MUMBAI: RBI's Monetary Policy Committee (MPC) today began 3-day meeting amid speculations that key interest rate may be hiked for the first time after four-and-half years on account of firming prices of crude oil and high inflation.
The six-member MPC, headed by Reserve Bank of India (RBI) Governor Urjit Patel, is meeting for three days for the first time instead of the usual two days due to some administrative exigencies.
The resolution of the second bi-monthly monetary policy meeting in the current financial year, 2018-19, will be made public on Wednesday afternoon.
It was in January 2014 that RBI had last raised the short-term lending rate (repo) to 8 per cent; since then it has either reduced it or maintained status quo.
The current repo rate stands at 6 per cent.
The 7-quarter high GDP growth rate of 7.7 per cent in the January-March quarter of 2017-18 and forecast of a normal monsoon have reduced the clamour for a cut in the benchmark lending rate (repo).
Retail inflation, a key data for RBI, has remained above 4 per cent since November 2017.
Besides, oil prices have been rising for the past few months.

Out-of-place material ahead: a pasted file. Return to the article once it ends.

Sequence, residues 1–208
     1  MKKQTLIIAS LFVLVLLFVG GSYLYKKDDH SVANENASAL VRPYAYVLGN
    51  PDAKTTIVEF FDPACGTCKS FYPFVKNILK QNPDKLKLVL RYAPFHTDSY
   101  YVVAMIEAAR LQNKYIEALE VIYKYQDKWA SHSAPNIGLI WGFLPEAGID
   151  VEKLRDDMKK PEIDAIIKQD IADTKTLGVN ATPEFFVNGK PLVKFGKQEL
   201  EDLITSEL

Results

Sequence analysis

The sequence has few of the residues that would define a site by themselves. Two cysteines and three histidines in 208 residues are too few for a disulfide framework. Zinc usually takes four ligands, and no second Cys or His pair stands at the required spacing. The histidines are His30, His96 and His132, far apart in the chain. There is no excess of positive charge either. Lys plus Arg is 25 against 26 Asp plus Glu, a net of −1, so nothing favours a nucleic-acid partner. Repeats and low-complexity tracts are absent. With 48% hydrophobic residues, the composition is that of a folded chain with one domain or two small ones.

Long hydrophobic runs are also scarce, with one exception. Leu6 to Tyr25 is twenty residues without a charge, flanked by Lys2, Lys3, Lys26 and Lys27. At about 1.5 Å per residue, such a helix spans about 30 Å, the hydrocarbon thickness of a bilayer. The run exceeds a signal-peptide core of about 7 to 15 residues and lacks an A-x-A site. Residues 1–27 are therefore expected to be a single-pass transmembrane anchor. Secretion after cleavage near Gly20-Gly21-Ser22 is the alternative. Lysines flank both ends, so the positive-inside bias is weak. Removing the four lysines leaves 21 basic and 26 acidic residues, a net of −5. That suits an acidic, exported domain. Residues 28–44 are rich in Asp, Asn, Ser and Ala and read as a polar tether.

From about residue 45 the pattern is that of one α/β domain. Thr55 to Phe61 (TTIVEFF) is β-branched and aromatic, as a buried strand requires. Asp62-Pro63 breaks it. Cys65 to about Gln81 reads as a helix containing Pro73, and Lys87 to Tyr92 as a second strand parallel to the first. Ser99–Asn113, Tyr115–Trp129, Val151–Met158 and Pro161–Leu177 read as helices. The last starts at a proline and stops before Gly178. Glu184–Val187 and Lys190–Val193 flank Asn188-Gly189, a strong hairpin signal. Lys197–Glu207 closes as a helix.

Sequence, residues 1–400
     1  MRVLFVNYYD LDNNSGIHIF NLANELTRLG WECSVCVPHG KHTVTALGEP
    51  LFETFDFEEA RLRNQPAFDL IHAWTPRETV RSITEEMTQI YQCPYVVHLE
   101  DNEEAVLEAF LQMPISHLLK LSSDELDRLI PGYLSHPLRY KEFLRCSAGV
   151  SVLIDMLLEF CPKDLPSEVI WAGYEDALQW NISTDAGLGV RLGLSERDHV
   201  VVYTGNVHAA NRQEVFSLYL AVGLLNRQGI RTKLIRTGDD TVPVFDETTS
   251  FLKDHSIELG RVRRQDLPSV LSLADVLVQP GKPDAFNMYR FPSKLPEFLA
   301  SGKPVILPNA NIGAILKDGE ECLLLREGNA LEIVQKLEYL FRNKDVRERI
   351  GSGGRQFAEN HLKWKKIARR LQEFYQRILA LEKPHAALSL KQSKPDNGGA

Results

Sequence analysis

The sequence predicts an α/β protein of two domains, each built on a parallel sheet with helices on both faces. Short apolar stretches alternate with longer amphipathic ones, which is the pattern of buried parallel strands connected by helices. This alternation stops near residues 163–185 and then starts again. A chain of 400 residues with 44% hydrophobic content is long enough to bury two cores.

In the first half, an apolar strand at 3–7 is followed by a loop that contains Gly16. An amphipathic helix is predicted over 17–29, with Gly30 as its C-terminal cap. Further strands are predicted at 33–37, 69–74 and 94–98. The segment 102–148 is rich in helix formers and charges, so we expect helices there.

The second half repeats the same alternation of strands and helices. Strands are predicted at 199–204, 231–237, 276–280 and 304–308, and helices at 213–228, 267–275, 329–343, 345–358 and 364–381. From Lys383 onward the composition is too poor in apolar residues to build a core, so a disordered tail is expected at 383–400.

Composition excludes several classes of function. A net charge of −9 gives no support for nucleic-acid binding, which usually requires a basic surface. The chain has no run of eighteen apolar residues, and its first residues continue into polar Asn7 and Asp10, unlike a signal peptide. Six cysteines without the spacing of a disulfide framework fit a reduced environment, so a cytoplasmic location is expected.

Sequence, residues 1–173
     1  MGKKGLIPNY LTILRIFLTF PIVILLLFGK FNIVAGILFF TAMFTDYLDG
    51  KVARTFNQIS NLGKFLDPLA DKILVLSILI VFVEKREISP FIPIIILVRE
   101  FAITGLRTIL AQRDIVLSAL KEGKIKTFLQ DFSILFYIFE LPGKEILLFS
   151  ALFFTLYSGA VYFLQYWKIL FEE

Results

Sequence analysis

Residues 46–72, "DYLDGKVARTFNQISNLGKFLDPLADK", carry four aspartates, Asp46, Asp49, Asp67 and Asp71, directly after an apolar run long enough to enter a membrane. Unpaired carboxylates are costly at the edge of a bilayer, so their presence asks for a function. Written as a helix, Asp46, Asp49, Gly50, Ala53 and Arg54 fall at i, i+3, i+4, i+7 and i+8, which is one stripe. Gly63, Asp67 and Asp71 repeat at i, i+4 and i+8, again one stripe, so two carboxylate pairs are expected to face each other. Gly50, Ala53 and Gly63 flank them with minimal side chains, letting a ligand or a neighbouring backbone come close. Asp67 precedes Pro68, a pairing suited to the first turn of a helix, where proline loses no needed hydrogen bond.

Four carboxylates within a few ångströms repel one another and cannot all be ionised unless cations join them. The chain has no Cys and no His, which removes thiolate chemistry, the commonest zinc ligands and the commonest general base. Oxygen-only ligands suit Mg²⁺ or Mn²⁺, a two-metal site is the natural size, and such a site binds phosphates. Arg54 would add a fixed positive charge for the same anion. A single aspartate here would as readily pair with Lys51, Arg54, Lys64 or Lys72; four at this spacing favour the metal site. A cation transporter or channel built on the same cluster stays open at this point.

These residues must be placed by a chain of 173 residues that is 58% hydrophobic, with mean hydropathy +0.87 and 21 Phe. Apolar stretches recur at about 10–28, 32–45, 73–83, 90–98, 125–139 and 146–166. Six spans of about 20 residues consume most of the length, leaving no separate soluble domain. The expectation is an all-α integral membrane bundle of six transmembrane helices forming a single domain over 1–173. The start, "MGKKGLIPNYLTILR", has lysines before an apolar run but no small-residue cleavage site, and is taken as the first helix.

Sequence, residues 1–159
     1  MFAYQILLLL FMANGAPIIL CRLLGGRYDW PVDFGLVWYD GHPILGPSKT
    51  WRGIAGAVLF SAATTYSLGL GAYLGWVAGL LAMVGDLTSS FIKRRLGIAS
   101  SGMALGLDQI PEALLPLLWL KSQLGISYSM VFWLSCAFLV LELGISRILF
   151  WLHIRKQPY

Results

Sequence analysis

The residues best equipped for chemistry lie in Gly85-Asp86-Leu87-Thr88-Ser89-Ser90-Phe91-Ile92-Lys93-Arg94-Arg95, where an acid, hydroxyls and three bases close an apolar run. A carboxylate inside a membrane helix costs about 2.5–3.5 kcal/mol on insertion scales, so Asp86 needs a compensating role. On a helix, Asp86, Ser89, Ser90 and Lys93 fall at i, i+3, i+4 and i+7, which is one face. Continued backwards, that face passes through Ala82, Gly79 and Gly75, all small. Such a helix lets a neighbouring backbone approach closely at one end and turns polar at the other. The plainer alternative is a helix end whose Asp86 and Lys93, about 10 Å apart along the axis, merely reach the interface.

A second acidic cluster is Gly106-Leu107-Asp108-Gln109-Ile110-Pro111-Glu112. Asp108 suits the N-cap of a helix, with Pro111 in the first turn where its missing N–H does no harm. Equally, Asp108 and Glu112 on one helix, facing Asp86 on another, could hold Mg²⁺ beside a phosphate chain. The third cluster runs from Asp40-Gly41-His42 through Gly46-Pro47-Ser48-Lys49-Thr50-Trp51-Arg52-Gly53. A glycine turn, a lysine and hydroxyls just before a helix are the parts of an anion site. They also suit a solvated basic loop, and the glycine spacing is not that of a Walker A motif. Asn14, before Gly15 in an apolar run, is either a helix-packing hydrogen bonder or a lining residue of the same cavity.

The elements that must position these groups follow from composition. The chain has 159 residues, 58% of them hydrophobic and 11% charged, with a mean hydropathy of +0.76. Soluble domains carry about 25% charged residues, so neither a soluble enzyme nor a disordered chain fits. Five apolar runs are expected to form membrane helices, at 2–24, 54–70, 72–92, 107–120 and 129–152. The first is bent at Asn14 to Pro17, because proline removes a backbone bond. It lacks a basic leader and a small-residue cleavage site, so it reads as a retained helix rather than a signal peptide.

While petrol in Delhi costs Rs 77.96 a litre, diesel is at Rs 68.97 per litre.
The government has mandated the RBI to restrict the retail inflation at 4 per cent (with a margin of +/- 2 per cent), while supporting growth.
Indicating hardening of the interest rate scenario, several major lenders including SBI, PNB and ICICI Bank have already raised their lending rates from June 1.
Some of the banks have also increased the deposit rates.
In the last MPC meet, held in April, RBI Deputy Governor and member of the panel Viral Acharya had indicated that he would vote for withdrawal of monetary accommodation in the June policy.
Another member Michael Patra had voted for a hike in repo rate but was overruled by majority that opted for status-quo.
Reversing the declining trend of three months, retail inflation inched up to 4.58 per cent in April.
The Wholesale Price Index (WPI) based inflation too rose to 3.18 per cent in April mainly on account of a spike in fuel prices.